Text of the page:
(Bloomberg) -- Hungary’s Prime Minister Viktor Orban is seeking sweeping new powers to detect and punish what he sees as foreign influences in the European Union nation, the latest in a series of increasingly autocratic moves under his more than decade-long rule.
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The new Sovereignty Protection Agency will have ample budgetary and institutional support, including from the intelligence services, to identify purported foreign efforts to influence politics, according to a bill filed by Orban’s ruling party late Tuesday. The prime minister will pick the agency’s chief.
The bill, which is all but certain to be approved as Orban’s lawmakers wield a supermajority in the legislature, will impose a prison term of up to three years on politicians that accept foreign funds in elections. It will also allow authorities to shutter civil groups deemed to run afoul of the new regulations.
The legislation steps up Orban’s unprecedented consolidation of power since 2010, which has seen the nationalist firebrand extend his sway over all walks of life in Hungary, from politics, business, the courts and even education and culture.
The proposals attracted an immediate response from the European Commission, which has had a long-running legal battle with Hungary over the nation’s rule of law standards. The EU last year suspended more than $30 billion of Hungary’s funding on rule of law and graft concerns, money Orban is negotiating to unlock after a prolonged recession and budget crunch.
“Let me assure you that the commission is following developments closely and we are looking at all angles,” Christian Wigand, a spokesman for the Brussels-based EU institution said.
Budapest-based rights organization Hungarian Helsinki Committee, which has often been a target of the government’s attacks, said the draft law serves to silence critics of the regime rather than defend against foreign influences.
“Journalists, companies, churches, trade unions and municipal governments may also become the targets of the new agency,“ Helsinki said in a statement. “The language of the draft, just like bills crafted in recent years for similar reasons, is imprecise on purpose, full of vague concepts which can be broadly interpreted.“
The latest decision, along with Orban’s cozy relationships with authoritarian leaders from Moscow to Beijing, have made Hungary the black sheep of Europe. It also sparked tensions with Western allies in the EU and and NATO military alliance, particularly after Russia’s invasion of Ukraine.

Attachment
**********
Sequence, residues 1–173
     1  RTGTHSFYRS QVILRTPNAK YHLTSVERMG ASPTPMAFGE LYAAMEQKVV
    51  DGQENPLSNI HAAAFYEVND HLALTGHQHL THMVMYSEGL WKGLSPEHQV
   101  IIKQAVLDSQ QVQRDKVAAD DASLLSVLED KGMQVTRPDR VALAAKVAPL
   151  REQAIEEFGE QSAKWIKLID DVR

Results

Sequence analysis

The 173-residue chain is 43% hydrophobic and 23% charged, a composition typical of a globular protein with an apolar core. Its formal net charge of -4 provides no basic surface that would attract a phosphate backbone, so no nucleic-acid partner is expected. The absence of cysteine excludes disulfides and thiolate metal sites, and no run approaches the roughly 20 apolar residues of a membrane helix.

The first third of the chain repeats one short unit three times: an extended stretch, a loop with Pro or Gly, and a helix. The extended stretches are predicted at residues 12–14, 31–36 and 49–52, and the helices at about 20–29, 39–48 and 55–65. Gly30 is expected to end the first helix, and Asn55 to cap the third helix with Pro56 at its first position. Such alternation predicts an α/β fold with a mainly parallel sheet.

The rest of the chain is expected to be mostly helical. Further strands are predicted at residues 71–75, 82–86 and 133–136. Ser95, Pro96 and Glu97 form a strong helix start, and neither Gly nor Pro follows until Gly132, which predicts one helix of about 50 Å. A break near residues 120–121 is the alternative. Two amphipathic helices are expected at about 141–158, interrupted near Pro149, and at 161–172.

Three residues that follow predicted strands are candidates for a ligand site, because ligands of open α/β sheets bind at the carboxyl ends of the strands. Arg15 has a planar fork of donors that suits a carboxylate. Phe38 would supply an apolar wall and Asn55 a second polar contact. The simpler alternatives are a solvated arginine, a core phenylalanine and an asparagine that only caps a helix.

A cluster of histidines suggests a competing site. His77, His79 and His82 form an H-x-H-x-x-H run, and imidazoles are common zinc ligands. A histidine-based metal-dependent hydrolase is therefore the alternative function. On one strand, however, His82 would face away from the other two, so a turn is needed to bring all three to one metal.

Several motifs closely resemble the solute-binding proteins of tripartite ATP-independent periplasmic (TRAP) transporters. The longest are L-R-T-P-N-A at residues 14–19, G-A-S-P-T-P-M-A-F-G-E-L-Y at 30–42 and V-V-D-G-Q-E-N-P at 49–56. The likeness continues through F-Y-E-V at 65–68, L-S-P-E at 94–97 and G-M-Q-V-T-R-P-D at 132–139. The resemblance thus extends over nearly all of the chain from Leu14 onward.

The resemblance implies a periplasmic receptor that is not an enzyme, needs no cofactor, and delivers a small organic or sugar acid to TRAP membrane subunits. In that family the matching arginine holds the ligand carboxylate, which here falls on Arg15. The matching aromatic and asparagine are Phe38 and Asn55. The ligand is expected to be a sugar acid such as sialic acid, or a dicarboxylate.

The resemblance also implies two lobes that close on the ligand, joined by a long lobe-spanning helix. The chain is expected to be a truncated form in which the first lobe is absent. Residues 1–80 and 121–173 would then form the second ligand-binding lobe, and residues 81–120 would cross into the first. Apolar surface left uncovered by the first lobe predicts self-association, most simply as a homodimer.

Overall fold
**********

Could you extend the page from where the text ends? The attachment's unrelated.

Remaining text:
A staunch supporter of former US President Donald Trump, Orban told supporters last week that stricter rules would be needed to keep what he called “liberal hegemony” in check, which he blamed for a searing 2002 election defeat that forced him into opposition for eight years.
“Hungary isn’t the black sheep” of Europe, Orban said on Wednesday in Zurich at an event organized by Swiss weekly Die Weltwoche. He blamed the EU for giving “strong leaders a negative connotation in Brussels.”
Since his political return, Orban has taken no chances, changing the Constitution over opposition objections, appointing loyalists to key formerly independent institutions, overhauling election rules and marshaling government resources for elections and political campaigns. He has won four straight landslide general elections that international monitors have concluded to be free, but not fair.
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Perhaps most importantly, Orban set up what’s considered Europe’s most powerful propaganda machine. It includes a politically-domesticated public media apparatus and a juggernaut of over 500 outlets spanning print to television and digital outlets which are under the sway of a ruling party-led foundation.
While officials from Orban’s ruling party earlier said the so-called sovereignty bill would also seek to target foreign funding of media, the bill doesn’t explicitly mention it. Some of Hungary’s dwindling number of independent outlets rely on funding from abroad to operate, while Orban’s cabinet and state companies channel vast funds to a pro-government media.
The legislation’s effect is set to be chilling nonetheless. Civil groups and those not explicitly named in the law are just beginning to assess just how broadly the new agency charged with keeping tabs on foreign influence will interpret its remit.
--With assistance from Alessandro Speciale and Stephanie Bodoni.
(Updates with EU response, background from fifth paragraph)
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